Yes, the flat is still in disarray after our recent ceiling disaster - but this story is worth taking a few minutes to pass comment on.
It certainly is good news that support for independence is growing, and it is interesting to note the even higher levels of support among younger people. It does remind me of a conversation I once had with somebody about this. When I asked them if they supported independence, they replied, 'well, about 20 years ago I would have, but I'm too old now.' [The emphasis is mine of course] I thought that comment was interesting on a couple of levels. Firstly, that the individual associated independence with being younger, and seemed to suggest that they no longer had either the energy to make it work or the capacity to care anymore. Secondly, I thought it was a very bizarre way to look at the world - that just because you are getting older, you don't care about what happens to younger generations.
Having spoken to a lot of pensioners about politics over the years (especially when I was doing research on pensions), I don't think the view above is common among older people. I had many a conversation with people campaigning for higher state pensions, who were very clear that they did not want that increase to come at the expense of childcare, or help for students, for example. As an aside, they were quite happy for higher state pensions to come at the expense of daft plans for ID cards and dangerous nuclear weapons...
Anyway, the point I am trying to make, is that lower support for independence among older people is unlikely to be because they care less about Scotland's future - after all, most have children and grandchildren.
I don't know how to explain it, other than to note that the increased support among younger people would seem to indicate a generational shift in attitude towards the union in which Scotland finds itself in the 21st century. A union that, to many, seems to have outlived any relevance it may have had. But in the context of globalisation, and the development of supranational bodies like the EU, then self-government becomes a must-have. The nation-state is the entity through which we engage with the rest of the world. For people growing up in modern Scotland, the limits of being classed as a 'region' within the wider UK state are becoming clearer - particularly when small nations like Malta have more say in the EU than Scotland.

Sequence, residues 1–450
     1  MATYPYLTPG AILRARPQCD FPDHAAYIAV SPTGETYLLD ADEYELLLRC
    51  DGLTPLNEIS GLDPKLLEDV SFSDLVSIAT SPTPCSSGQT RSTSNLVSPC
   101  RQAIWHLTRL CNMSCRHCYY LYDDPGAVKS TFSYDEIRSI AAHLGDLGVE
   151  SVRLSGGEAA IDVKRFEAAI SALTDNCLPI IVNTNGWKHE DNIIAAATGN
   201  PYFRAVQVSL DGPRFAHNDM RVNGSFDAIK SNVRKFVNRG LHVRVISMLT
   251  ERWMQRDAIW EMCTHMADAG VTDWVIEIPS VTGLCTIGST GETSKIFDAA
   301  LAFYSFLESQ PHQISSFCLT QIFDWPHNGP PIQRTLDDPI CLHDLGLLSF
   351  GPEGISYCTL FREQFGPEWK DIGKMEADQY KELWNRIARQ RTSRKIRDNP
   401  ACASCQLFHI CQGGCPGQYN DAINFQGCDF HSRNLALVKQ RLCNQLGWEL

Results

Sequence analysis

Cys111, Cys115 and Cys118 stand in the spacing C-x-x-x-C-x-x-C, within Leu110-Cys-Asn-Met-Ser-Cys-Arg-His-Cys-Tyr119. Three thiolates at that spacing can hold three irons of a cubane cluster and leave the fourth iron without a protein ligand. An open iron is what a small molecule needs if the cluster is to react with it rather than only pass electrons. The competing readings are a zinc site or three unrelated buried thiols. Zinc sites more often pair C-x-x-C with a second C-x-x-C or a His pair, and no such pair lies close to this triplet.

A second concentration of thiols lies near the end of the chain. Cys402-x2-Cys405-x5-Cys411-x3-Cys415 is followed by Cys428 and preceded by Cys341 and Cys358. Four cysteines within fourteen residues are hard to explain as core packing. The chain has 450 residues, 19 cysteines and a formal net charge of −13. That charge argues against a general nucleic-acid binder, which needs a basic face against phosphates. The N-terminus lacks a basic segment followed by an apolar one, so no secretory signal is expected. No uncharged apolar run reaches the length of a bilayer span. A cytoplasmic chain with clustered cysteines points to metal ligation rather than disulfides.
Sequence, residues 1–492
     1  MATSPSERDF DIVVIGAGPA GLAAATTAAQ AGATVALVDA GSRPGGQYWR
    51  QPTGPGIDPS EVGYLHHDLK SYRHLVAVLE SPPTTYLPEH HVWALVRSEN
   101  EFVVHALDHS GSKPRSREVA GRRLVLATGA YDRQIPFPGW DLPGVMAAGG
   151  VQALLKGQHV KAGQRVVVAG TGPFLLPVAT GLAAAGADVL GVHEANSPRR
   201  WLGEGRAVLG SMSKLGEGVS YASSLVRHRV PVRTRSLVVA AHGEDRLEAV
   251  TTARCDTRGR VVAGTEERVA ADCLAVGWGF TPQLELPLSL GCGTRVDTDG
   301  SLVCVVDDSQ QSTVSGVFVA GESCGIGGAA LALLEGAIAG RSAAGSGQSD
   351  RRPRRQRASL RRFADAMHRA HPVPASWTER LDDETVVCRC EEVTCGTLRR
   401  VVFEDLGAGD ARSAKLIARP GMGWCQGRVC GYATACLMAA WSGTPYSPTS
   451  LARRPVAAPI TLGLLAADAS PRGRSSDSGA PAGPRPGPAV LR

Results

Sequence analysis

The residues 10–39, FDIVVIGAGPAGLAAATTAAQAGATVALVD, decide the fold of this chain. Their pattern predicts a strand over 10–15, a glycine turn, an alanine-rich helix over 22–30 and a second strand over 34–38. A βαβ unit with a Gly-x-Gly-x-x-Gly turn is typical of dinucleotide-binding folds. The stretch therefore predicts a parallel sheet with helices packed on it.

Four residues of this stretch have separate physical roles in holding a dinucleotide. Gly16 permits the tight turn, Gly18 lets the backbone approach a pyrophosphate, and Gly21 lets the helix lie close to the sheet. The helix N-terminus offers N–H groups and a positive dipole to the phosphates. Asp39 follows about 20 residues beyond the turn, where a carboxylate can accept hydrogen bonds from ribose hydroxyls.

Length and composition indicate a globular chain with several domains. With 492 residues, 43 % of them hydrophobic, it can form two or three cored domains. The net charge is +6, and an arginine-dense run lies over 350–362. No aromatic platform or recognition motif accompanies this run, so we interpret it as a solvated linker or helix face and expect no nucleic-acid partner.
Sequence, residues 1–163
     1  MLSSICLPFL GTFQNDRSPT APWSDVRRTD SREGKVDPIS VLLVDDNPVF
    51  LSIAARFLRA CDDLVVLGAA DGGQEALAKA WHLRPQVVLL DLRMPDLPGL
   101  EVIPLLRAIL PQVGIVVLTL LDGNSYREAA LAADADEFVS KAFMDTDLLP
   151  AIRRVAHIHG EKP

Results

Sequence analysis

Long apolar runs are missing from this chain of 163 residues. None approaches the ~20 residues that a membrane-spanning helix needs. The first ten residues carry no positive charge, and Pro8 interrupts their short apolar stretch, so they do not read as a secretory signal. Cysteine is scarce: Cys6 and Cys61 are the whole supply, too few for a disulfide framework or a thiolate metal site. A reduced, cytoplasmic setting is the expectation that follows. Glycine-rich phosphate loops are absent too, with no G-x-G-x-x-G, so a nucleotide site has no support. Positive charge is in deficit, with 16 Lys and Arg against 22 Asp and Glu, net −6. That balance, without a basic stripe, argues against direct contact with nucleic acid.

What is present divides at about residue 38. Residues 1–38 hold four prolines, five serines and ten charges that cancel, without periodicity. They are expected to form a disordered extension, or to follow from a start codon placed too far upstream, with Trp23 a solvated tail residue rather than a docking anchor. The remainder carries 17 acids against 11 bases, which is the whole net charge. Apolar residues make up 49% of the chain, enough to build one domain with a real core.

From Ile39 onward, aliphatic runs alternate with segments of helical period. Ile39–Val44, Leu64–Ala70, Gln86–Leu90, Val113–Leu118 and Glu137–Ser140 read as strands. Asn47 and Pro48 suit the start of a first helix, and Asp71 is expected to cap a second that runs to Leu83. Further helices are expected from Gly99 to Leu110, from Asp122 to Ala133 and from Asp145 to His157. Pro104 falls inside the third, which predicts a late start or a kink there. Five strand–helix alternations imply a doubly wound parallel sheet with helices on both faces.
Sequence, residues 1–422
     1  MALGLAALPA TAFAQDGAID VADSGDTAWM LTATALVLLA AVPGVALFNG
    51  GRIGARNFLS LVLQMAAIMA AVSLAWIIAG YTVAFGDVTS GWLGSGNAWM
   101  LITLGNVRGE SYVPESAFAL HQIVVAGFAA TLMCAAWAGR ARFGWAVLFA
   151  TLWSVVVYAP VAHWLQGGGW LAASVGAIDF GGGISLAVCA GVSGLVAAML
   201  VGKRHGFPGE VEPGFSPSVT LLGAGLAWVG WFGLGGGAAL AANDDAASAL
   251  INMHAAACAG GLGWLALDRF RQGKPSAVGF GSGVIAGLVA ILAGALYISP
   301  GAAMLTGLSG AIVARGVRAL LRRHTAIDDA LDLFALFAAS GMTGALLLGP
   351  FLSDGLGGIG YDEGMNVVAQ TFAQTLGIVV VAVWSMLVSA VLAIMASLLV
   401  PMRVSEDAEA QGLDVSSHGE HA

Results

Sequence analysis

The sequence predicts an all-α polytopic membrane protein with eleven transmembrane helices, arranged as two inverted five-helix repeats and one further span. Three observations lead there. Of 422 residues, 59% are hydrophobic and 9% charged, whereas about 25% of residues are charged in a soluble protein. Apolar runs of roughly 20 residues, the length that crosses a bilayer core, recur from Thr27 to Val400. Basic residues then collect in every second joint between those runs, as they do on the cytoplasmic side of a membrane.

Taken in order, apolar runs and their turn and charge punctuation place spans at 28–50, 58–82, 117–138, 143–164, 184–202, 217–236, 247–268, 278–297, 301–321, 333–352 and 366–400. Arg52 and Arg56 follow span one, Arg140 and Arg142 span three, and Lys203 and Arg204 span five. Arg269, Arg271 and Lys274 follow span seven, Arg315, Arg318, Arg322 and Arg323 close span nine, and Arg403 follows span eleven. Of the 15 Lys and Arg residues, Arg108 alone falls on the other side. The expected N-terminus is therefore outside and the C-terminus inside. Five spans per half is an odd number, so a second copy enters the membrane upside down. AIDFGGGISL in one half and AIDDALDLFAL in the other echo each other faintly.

But just because the benefits of independence seem to be clearer to Scotland's younger generation, this doesn't mean they will be the only ones to benefit from a future in which Scotland is independent. Independence will give us the powers we need to build a better future for our nation and everyone who lives here, and it will take time to build some of the more lasting foundations for success. But there are many things that we will be able to do almost immediately with those powers, such as introduce a Citizen's Pension - a policy that would benefit every pensioner in Scotland.
I do hope that, in the same way that Scotland's older citizens demonstrate their concern for younger people, that those young people who support independence will inspire Scotland's older generations to ensure that they make a positive contribution and leave a lasting legacy for Scotland - and choose independence.